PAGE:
In the lecture, “Never Let the Facts Get in The Way of a Good Story: Memory, History, Authenticity and Truth” we want to explore how our work taps into the mechanisms by which cities create their memories, at once embedded in the past and yet lived, and living, in the present. We’re looking to tease out the tensions between history, memory, truth and identity, firstly by examining images of Edinburgh presented in film and literature, but also by drawing on the stories we’ve already collected from British urban subcultures and by revealing some of the stories that are informing our work as we make our way around the cellars, towers, undercrofts and back alleys of Edinburgh.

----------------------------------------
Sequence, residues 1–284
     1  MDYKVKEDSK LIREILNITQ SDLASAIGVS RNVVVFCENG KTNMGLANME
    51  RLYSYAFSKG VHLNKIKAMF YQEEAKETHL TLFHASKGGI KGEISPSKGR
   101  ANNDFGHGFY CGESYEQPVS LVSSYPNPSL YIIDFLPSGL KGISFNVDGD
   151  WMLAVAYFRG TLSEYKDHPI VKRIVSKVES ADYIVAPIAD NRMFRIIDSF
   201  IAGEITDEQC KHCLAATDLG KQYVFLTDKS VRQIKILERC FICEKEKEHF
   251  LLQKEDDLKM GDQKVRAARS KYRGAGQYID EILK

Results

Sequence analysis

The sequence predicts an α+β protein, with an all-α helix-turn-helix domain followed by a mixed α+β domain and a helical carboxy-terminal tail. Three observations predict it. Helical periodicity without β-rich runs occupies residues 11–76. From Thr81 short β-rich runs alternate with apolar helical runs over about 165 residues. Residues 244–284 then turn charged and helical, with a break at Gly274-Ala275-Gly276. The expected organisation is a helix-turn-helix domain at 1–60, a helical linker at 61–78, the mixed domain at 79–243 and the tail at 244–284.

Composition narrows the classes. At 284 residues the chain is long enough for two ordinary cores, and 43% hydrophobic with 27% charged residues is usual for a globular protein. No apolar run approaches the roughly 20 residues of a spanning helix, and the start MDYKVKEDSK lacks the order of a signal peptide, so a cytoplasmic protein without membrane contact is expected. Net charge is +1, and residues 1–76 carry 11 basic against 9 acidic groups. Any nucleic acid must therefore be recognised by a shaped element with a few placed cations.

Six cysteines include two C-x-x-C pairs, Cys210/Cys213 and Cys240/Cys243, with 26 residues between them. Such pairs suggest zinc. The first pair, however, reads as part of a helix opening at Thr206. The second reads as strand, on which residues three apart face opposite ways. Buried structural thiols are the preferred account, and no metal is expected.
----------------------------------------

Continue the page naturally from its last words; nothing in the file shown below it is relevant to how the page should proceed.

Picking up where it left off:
If you know of anyone with good stories from the Scots capital we’d love to talk to them as well as hearing any suggestions of lesser known films, literature or locations that shape your imaginings of the city – just leave a comment below or contact us through the Curated Place production pages.
But more than that we’d love to see you at the Scottish Storytelling Centre early next year when we get up on stage to deliver both the lecture and a sneak peek at the incredible imagery that we’re creating in one of the most charismatic cities in the world – if we get enough interest from the North West we might even arrange a Curated Place jolly north of the border.
“Never Let the Facts Get in The Way of a Good Story: Memory, History, Authenticity and Truth”
Thursday 24 March 2011 from 6.00pm
Scottish Storytelling Centre
Tickets available now at just £5.00